Do you have a budding Steven Spielberg at home? Do you have trouble keeping your video camera away from your kid? If so, the KidFilm Festival is looking for you.
The 14th annual KidFilm Festival is accepting entries for “Kids in the Director’s Chair,” a video contest just for kids. KidFilm, the largest and oldest children’s film festival in the United States, is sponsored by the USA Film Festival, our homegrown showcase for new films. Last year more than 23,000 children, parents and educators attended the festival.
Along with contemporary and classic children’s films from around the world, the festival will screen the winning videos produced by kids 15 and under at the event to be held Jan. 17-18.
KidFilm’s Alonso Duralde encourages young people who enjoy film to become part of the creative process by competing.
“Last year we had about 50 entries, and we hope to have even more this year,” Duralde says. “The three first-place winners, plus other videos the judges think have particular merit, will be screened for the audience along with the professional films.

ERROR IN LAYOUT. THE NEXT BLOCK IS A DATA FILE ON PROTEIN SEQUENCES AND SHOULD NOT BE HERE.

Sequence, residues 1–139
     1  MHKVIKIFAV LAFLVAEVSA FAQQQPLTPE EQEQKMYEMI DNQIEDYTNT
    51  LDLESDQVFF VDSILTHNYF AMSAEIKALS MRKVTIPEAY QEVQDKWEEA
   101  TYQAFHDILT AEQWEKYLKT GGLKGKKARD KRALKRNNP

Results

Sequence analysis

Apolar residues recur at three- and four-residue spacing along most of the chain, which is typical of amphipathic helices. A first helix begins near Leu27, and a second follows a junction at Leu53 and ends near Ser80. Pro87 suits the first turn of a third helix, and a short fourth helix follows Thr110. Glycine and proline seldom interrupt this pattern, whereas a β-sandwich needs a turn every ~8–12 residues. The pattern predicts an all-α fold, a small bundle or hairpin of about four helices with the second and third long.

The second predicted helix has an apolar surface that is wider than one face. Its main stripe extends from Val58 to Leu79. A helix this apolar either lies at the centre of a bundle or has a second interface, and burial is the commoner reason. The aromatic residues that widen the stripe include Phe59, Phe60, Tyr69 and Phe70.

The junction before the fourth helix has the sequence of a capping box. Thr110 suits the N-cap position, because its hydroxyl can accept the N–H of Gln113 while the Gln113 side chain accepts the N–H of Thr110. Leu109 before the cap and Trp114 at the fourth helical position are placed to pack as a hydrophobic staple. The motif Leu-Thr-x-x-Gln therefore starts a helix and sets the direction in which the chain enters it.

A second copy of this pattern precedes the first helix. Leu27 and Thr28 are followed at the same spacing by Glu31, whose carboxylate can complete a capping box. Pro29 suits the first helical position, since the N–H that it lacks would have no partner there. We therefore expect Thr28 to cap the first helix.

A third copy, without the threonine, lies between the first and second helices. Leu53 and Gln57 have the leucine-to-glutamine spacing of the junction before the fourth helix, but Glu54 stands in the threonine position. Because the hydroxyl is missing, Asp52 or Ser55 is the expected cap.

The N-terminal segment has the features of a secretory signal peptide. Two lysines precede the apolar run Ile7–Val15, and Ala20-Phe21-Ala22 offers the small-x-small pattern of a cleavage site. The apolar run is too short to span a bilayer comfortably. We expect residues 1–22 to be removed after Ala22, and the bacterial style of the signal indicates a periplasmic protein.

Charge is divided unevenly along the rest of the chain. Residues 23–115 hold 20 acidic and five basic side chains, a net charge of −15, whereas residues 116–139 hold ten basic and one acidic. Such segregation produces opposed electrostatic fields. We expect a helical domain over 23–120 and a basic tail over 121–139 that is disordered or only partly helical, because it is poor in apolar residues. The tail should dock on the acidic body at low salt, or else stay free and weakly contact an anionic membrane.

“It’s a great way to encourage interest in the filmmaking process at an early age.”
Neighborhood resident Evan Daugherty, 15, is certainly proof of that. Evan – with the help of his sister, Linn, and several friends – submitted three features last year, winning first prize in the 12-15 age group for “Tales from the Script.” He and his crew of regulars also will be competing this year.
Evan, who directs the features and also does some script-writing, hopes to attend a film-oriented university in New York or California.
“This is kind of something I’ve always wanted to do. All the editing and work we do, it never seems like hard work.”
One frequent concern about the competition: “What if your video camera is a dinosaur compared to some of the new, smaller models with all the latest gadgets? Can your child still compete?
“Absolutely,” Duralde says. “The contest is more about creativity, problem-solving and use of imagination than technical capabilities.
“It’s not about who has the most expensive camera or the most sophisticated editing tools.”
The contest is divided into three categories: ages 11 and under, which allows some adult supervision; 12-15, in which all work should be done by the young filmmaker; and classroom/workshop, which features group projects made under the supervision of an instructor or counselor.
The deadline for KidFilm video entries is Jan. 5. For more information, call the USA Film Festival at 214-821-NEWS or visit www.usafilmfestival.com on the World Wide Web.